Poor communication

The day before Thanksgiving, the livestock commission got a call from Cooks about the closure and what that meant for the state’s poultry growers. 

The commission “bent over backwards” through the break working nights and weekends, trying to help and answer questions from legislators and the public to the best of its ability, Ward said in testimony at a joint agriculture committee hearing on Feb. 9. But three growers in attendance countered this, saying communication from Cooks and the state was rather poor through the process.

Cooks, which was not present at the meeting, ignored multiple requests for comment from Agriculture Dive.  

“There was never any indication that they were going under,” testified Leslie Harp, a former poultry grower from Clifty, Ark. “An hour and a half after they brought me birds, they told me they were closing the company down.”

On Nov. 17, Cooks brought Harp enough chickens to fill more than two houses around 5:30 p.m. She was scheduled to get birds for three more houses the following week. In her testimony, Harp said she unloaded the last batch around 7:30 p.m. and received a call from a production manager that she would not get any more birds.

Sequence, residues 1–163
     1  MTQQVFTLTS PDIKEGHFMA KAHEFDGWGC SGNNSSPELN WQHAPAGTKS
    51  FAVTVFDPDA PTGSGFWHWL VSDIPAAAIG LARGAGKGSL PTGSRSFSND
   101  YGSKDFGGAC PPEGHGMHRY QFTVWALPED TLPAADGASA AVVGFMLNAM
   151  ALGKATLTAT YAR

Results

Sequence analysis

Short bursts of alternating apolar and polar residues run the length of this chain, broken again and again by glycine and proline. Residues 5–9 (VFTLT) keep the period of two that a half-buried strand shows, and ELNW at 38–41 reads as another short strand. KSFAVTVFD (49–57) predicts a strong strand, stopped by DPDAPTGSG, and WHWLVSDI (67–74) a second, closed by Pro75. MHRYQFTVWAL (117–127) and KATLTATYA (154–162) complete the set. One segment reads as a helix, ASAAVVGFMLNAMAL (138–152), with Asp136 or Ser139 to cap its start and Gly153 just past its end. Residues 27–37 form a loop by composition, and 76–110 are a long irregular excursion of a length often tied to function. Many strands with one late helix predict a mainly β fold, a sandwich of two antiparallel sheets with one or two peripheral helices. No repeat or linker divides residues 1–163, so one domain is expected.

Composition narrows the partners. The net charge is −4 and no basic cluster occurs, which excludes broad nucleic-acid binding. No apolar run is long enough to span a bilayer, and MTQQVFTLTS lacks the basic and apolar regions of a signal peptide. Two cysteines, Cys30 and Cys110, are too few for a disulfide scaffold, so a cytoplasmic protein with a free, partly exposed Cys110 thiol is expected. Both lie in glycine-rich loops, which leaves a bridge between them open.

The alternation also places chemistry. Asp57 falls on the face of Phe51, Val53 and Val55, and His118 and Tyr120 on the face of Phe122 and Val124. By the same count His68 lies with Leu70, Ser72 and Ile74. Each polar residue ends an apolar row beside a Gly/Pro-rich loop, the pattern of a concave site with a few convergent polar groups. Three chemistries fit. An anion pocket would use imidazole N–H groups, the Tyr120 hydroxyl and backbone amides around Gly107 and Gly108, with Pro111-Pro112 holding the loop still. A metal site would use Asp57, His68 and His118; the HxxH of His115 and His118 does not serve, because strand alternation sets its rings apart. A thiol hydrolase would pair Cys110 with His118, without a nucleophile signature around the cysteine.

The state eventually called Harp with plans to foam her chickens. Five cases of highly pathogenic avian influenza, also known as bird flu, have been detected in Arkansas since Halloween and her farm was near another farm that tested positive for the disease, according to the livestock commission. However, she refuted these claims.

“I was not in an [avian influenza] zone,” Harp said. “I was in Madison County. AI was present in Carroll County at that time, not Madison County. I’m 35 miles away from the Carroll County line.”

The birds were about 13 days old and the grower had plenty of feed in storage to keep them fed — 144,000 pounds worth — when the field workers arrived with trucks and equipment.